Internet and filtering applications: a tale of choice and revenues

The original version of this article was published in French by the newspaper Liberation. Last week, controversy erupted when FREE blocked advertising on internet services routed through its “FreeBox”. Internet content providers who rely on advertising to provide free content to consumers were furious.

The controversy illustrated the complexity of the internet economy. The delicate balance between choice and convenience, transparency and effective control, commerce and public interest.

My general starting principle is that consumers should be free to make real choices about their internet subscription and online activity.

Standard contracts and default settings for internet services can be convenient and efficient, but there are public-interest limits to this, either in general consumer protection law or in specific rules. For example, consumers have the right to choose whether they want to use ‘cookies’, which track their internet use, when browsing a website. And they should understand the costs and benefits of their choice.

The complexity and rapid evolution of the online economy mean new questions constantly arise about the public interest.

For example, since 2009, EU law promotes the ability of consumers to access the full range of lawful online applications, content and services. But the public interest does not, in my view, preclude consumers from subscribing to more differentiated, limited internet offers, possibly for a lower price.

Is there a public interest in parents having effective tools to control the material their young children can access online? Most would say yes, and the EU shares this view.

Likewise, most people would like a choice over whether or not to receive advertising alongside online content and services – but both consumers and online businesses seem to resent the perceived appropriation of that choice through obscure default settings.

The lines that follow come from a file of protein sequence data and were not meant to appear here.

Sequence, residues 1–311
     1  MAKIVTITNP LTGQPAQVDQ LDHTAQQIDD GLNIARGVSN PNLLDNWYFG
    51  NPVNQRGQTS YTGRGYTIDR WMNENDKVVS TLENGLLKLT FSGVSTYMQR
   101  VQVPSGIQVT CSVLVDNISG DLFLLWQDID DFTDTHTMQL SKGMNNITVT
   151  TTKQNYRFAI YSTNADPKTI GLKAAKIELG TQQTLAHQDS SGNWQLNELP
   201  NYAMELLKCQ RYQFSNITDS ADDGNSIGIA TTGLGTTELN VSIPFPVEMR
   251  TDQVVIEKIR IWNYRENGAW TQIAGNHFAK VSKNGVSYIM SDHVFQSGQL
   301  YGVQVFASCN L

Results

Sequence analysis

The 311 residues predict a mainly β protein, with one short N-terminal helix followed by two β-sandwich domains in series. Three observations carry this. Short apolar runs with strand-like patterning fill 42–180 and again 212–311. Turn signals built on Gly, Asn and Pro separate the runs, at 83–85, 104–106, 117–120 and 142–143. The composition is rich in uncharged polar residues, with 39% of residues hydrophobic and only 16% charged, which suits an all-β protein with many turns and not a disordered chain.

In addressing questions like this, transparency and effective consumer control will nearly always be part of the solution.

That does not mean more pages to your 100-page contract! The Commission has been encouraging the advertising industry to ensure users get a clear choice about cookies, based on short, digestible information. The Commission is also working with a wider set of online actors to develop a “Do Not track” standard, so that consumers who make this choice can be sure it is respected.

On net neutrality, consumers need effective choice on the type of internet subscription they sign up to. That means real clarity, in non-technical language. About effective speeds in normal conditions, and about any restrictions imposed on traffic – and a realistic option to switch to a “full” service, without such restrictions, offered by their own provider or another. Ensuring consumer choice can mean constraints on others – in this case, an obligation for all internet service providers to offer an accessible “full” option to their customers. But such choice should also drive innovation and investment by internet providers, with benefits for all. I am preparing a Commission initiative to secure this effective consumer choice in Europe.

Make no mistake: I am in favour of an open Internet and maximum choice. That must be protected. But you don’t need me, or the EU, telling you what sort of Internet services you must pay for.